By June 9, 2009

Gear Keeper RT20012 Retractable Lanyard review

I’ve started taking some photographs while motorcycling. I bought a used Canon PowerShot SD700IS from eBay for about $100 and already had an SD card lying around. I take most of my shots while moving, using my left hand to operate all the controls of the camera.

I keep the camera in my left front pocket. When I wore my Rev’It Cayenne Pro this was no big deal: the jacket’s large, top-load pockets made it easy to get the camera out and put it back again. However, I now wear the Rev’It Turbine since the weather is warmer. As I mentioned in my review, the Turbine has traditional side-mounted vertical pockets that are hard to get into and out of with a full sized gauntlet glove. This makes grabbing the camera even more awkward, since my hand is now closed around something and less likely to escape the pocket without difficulty.

Worried about dropping my camera on the road, I stopped taking as many pictures as I wanted. I read that a few riders secured their cameras to their bikes via a retractable lanyard. Think of a heavy duty janitor keychain that zips a big ring of keys back to a belt. Gear Keeper makes a whole swath of retractable lanyards, and the RT20012 seemed to be highly regarded on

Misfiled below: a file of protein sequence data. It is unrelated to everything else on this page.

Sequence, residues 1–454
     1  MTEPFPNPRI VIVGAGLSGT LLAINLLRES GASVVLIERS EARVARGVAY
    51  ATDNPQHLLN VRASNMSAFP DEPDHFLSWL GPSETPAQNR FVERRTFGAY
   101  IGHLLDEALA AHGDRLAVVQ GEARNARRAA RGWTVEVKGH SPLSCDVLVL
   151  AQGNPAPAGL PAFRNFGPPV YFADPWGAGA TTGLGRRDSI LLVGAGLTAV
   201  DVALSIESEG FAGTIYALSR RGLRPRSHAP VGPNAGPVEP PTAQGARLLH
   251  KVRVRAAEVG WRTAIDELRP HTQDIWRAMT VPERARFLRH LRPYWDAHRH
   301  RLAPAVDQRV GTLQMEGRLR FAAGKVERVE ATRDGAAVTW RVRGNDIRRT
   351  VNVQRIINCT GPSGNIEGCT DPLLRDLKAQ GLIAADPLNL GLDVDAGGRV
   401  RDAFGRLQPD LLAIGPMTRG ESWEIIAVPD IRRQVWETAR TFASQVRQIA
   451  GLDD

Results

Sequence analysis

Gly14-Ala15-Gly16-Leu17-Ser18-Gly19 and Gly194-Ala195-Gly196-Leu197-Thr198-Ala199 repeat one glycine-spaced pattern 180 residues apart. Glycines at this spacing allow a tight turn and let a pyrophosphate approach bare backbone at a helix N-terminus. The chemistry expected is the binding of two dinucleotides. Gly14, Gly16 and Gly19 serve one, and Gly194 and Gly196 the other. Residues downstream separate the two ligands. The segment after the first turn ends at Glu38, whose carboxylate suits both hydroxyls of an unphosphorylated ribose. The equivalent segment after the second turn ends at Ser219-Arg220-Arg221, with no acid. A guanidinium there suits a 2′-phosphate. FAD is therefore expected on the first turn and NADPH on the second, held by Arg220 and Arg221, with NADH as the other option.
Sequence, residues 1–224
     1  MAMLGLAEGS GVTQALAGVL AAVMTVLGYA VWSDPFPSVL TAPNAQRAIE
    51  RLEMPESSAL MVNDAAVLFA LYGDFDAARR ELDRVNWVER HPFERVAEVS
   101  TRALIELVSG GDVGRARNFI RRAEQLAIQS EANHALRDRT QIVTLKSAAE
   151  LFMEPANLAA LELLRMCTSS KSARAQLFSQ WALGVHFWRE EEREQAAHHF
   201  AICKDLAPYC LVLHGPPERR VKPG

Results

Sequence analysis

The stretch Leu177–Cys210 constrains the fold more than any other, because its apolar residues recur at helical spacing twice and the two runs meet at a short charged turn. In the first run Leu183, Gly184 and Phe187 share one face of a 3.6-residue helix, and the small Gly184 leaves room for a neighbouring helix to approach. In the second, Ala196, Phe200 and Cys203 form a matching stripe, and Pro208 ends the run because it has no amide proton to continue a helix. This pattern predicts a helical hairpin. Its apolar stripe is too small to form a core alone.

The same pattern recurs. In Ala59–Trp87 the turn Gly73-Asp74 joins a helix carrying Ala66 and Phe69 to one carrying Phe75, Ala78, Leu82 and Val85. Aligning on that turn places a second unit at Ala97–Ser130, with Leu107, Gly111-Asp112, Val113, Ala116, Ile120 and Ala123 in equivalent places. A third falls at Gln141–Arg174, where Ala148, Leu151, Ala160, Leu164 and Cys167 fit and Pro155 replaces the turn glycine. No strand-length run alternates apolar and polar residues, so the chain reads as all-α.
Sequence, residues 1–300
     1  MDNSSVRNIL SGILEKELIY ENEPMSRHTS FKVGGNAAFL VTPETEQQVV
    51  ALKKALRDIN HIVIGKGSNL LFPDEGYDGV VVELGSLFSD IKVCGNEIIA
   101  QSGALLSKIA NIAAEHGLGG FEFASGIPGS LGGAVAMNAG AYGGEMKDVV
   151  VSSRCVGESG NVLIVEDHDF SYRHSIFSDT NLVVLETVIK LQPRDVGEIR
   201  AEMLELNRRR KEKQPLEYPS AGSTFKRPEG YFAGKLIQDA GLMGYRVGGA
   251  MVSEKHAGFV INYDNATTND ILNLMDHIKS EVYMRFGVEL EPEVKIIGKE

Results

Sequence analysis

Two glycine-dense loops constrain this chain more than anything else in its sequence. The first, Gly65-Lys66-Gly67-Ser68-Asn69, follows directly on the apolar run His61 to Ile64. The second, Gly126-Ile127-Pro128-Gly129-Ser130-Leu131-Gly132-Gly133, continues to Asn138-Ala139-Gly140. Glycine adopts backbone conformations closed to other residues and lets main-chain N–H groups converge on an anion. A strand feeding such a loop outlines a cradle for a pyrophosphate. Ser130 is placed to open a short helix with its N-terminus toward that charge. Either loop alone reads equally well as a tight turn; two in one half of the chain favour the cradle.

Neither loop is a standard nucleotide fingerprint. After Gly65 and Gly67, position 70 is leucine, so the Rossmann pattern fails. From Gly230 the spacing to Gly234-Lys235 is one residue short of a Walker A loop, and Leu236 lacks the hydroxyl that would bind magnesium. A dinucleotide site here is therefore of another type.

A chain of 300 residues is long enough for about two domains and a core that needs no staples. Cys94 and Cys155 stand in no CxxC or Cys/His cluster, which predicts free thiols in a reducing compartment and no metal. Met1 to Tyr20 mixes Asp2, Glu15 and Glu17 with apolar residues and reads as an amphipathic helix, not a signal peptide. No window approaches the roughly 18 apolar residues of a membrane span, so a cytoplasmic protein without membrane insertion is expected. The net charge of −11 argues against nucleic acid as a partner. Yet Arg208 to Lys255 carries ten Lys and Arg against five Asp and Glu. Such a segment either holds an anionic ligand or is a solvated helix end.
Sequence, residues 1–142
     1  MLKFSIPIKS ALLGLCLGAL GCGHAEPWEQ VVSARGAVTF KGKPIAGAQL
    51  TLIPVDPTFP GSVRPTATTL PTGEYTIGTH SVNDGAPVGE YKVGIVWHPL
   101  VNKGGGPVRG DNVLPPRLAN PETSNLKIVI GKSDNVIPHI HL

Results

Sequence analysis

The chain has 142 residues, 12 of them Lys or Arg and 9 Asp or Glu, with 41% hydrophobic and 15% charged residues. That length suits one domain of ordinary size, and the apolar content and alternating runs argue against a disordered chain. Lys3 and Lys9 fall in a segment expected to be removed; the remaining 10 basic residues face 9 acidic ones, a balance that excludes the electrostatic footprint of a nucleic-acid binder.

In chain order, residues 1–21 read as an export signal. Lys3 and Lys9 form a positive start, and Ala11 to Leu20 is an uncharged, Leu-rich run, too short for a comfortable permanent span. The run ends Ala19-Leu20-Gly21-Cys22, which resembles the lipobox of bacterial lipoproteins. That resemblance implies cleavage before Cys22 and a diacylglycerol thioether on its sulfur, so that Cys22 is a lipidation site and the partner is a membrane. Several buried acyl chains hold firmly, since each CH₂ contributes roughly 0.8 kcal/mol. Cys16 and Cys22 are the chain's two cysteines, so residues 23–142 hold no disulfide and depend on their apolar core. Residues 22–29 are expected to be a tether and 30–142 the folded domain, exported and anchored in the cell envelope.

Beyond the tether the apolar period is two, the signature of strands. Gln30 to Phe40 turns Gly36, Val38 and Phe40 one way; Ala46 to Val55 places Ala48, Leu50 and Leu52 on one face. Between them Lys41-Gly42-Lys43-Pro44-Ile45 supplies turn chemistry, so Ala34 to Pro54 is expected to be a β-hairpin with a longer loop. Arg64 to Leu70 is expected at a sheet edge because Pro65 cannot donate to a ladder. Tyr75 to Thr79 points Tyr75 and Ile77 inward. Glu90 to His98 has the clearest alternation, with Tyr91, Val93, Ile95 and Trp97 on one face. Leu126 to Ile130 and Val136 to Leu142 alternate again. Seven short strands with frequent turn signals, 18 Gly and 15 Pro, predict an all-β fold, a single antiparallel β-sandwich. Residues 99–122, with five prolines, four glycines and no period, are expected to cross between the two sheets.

I put in an order for one via a vendor on Amazon, and it arrived a few days later.

The Gear Keeper RT20012 is a pretty simple device. There is a large split ring like you’d find on a key chain on one end. The other end is a plastic clasp with a metal clip. The clasp snaps onto anything you care to; most people either clip it to a D-ring on their tank bag or somewhere on their jacket. The Turbine has plastic D-rings on the waist adjusters, so I gave that a shot.

I sat in a chair and held my arms out, camera in my left hand. I dropped the camera like I would if I had to suddenly let go in an emergency.


The camera fell immediately to the floor and bounced on the carpet. Hrm.

Now, the Gear Keeper RT20012 is supposed to retract up to six ounces. The SD770IS is 4.7 ounces according to Amazon. According to my postal scale, it is 6.8 ounces. Fuck. I should have verified the weight before ordering, but I am a little put off that the RT20012 fails when stressed so close to its stated limit.

I didn’t get to use the Gear Keeper RT20012 long enough to test its long-term durability, but it appears well built. I hate to give it a “not recommended” review because my need is technically out of spec, but if the product can’t handle 0.7 ounces over the limit I’m not too confident in 0.7 ounces under the limit, either.

No recommendation

Posted in: motorcycling, review

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